The other reason is that I think it is bad for humans, animals, and other living things on this planet, to have the daily routine disrupted like that. There are statistics showing more heart attacks in the first few weeks of a switch to DST. Also, there are more traffic accidents, which is not surprising at all, with millions of people having to get up an hour early for work. Now, there are also studies showing that there is more depression in the ST periods when the days are short, but that is not because of an artificial ST, since ST is based on natural cycles.. Maybe some think that adding an extra of afternoon daylight makes people happier, but it is artificial, like living in some science fiction based city where it is always light.

My intuitive theory is that it is all about big business trying to make more profits, which they think is their own natural right . The longer it stays light, the more inclined people not on time clocks will be to stay at the office. I know that when I was doing most of my work in an office at a law firm, I found myself staying later, because it seemed like I had more time to do it. Or the attorneys would have a general conversation about this or that. If it were dark, more would leave, since many do not like to drive at night, or they felt like they needed to enjoy the remaining part of the day. And then the heads of the firms, who may have been workaholics, or just trying to bill more for profits, would stay late, and so I would feel that it looked good to be staying, too. But suddenly it was 7:30, and I would not get home until 8:30 to eat dinner, and then I had an hour or two before I needed to go to bed to get up early if I had to drive to a faraway court the next day .I’m not complaining, because many of us go through that; and eventually I was able to carve out a career where I could do much of my work at home, and all that mattered was that I did it, not at what hour, or whom I impressed by appearing assiduous.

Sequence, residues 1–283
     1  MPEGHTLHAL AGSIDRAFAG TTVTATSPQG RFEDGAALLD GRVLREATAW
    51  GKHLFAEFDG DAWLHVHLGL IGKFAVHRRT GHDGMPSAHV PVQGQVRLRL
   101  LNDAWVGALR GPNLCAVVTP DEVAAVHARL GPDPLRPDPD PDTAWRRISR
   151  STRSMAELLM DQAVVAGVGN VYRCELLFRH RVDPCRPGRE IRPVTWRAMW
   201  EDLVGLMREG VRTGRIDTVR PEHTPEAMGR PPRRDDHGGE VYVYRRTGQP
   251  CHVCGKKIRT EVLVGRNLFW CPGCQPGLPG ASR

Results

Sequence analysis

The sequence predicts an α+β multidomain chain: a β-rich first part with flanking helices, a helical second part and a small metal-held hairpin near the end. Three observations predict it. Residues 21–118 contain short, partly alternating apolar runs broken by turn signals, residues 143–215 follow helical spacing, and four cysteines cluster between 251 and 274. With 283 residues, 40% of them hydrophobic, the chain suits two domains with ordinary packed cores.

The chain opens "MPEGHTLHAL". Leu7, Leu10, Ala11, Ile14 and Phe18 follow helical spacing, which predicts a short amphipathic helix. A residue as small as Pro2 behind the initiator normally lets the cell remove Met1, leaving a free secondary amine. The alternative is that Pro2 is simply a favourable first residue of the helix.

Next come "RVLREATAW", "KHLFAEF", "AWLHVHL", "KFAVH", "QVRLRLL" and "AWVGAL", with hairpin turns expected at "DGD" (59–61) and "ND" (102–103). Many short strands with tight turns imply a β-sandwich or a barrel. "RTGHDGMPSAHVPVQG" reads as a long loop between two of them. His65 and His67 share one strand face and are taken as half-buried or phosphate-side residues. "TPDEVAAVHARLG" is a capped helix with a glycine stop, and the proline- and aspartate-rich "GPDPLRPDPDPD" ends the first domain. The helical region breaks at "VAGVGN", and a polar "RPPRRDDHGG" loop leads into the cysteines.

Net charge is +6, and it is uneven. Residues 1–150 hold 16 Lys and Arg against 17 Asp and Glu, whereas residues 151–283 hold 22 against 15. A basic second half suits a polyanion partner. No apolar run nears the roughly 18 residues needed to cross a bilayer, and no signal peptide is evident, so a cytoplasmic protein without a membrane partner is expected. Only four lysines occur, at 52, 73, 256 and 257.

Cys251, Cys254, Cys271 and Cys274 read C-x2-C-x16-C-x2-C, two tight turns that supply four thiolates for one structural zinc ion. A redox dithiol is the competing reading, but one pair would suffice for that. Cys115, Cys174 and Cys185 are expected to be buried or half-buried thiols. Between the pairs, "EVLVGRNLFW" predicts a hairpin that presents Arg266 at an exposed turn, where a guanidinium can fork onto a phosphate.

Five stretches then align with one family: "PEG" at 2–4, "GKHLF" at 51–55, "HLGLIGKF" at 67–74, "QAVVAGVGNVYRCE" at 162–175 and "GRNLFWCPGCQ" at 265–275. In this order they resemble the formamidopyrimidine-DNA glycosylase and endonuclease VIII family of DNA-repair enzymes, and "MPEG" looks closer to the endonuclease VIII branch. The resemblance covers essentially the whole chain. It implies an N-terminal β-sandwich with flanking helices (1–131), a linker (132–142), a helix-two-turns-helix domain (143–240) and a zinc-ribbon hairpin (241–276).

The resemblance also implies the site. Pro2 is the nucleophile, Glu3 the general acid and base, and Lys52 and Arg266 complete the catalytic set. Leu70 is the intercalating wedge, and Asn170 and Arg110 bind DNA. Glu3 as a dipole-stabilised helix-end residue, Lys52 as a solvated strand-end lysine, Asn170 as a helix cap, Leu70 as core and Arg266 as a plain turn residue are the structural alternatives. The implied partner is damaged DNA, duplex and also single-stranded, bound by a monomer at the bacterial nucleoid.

So I think very rich and powerful people who run corporations, want their employees to stay later, and DST helps in doing that. And then of course when it is still light outside, people shop more , and are more inclined to eat dinner out, or go to a movie; whereas when it is dark, and it is midweek, one feels a bit guilty staying out late, and wants to get home and be fresher for the next day. These are just trends, they obviously differ among people, but I am pretty sure that this is what is behind the increasing creep of DST.

And I am also convinced that the expansion in 2007 was pushed by Republicans, who still made sure that DST ended just before November elections, so that voters might be more inclined to not go out in the dark and stand in line to vote. Since they were so eager to expand it, why not just one extra week; but, no.

I don’t want it to be light all day. It is cooler in the evening; there is a certain solemnity and stillness about it, as well. One of the miracles of this planet is the dual nature of things; one cycle or season is succeeded by another I don’t follow much science fiction, but surely there are stories about other worlds, or simply ours in the future, where there is always sunlight, no darkness, no evening, and it always appears the same.

I never have forgotten a line from a so-so film which did have its moments, “White Mischief,”about a mostly displaced decadent British aristocracy living in Kenya in the late 1930’s and a little after. Sarah Miles, playing one of the most bored and debauched of the enclave, gets up one day, looks out the window, and says, “Oh, god, another fucking beautiful day.” And then she goes up to her room and shoots herself. Well, that is an extreme, but I do not like Daylight Savings Time, this effort to alter the rhythms of nature, in a way that the average person cannot easily choose to opt out of; and where humans and other animals have their biological rhythms disrupted by the greed and whims of those people who have an inordinate power to regulate virtually every facet of existence.

3 Responses

  1. Having just shoveled a couple of feet of “Colorado sunshine” off the walk and driveway, I must admit to being somewhat less thrilled with the Earth’s axial tilt than usual. 😉

    I tend to prefer DST but like you I hate the changeover. My natural sleep cycle tends to run from 3AM to 11AM, so I’m also very much a night owl.

  2. I don’t like the time change… I don’t care which one gets picked, but I would also like to see the change done away with. Having spent a few years in AZ, I kind of liked it and would love to see it here in PA.

  3. Good health report today. See Pi thread for more. (I can’t post images on Will’s threads.)